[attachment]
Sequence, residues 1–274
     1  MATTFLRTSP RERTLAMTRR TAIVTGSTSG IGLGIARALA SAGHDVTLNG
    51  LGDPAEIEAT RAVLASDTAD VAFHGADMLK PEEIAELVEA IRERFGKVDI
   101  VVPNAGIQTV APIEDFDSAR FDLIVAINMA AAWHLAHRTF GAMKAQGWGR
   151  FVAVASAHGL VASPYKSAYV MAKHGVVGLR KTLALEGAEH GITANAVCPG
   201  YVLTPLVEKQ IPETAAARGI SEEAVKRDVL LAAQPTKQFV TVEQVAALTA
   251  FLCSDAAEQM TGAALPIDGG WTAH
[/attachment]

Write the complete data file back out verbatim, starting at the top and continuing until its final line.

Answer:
Sequence, residues 1–274
     1  MATTFLRTSP RERTLAMTRR TAIVTGSTSG IGLGIARALA SAGHDVTLNG
    51  LGDPAEIEAT RAVLASDTAD VAFHGADMLK PEEIAELVEA IRERFGKVDI
   101  VVPNAGIQTV APIEDFDSAR FDLIVAINMA AAWHLAHRTF GAMKAQGWGR
   151  FVAVASAHGL VASPYKSAYV MAKHGVVGLR KTLALEGAEH GITANAVCPG
   201  YVLTPLVEKQ IPETAAARGI SEEAVKRDVL LAAQPTKQFV TVEQVAALTA
   251  FLCSDAAEQM TGAALPIDGG WTAH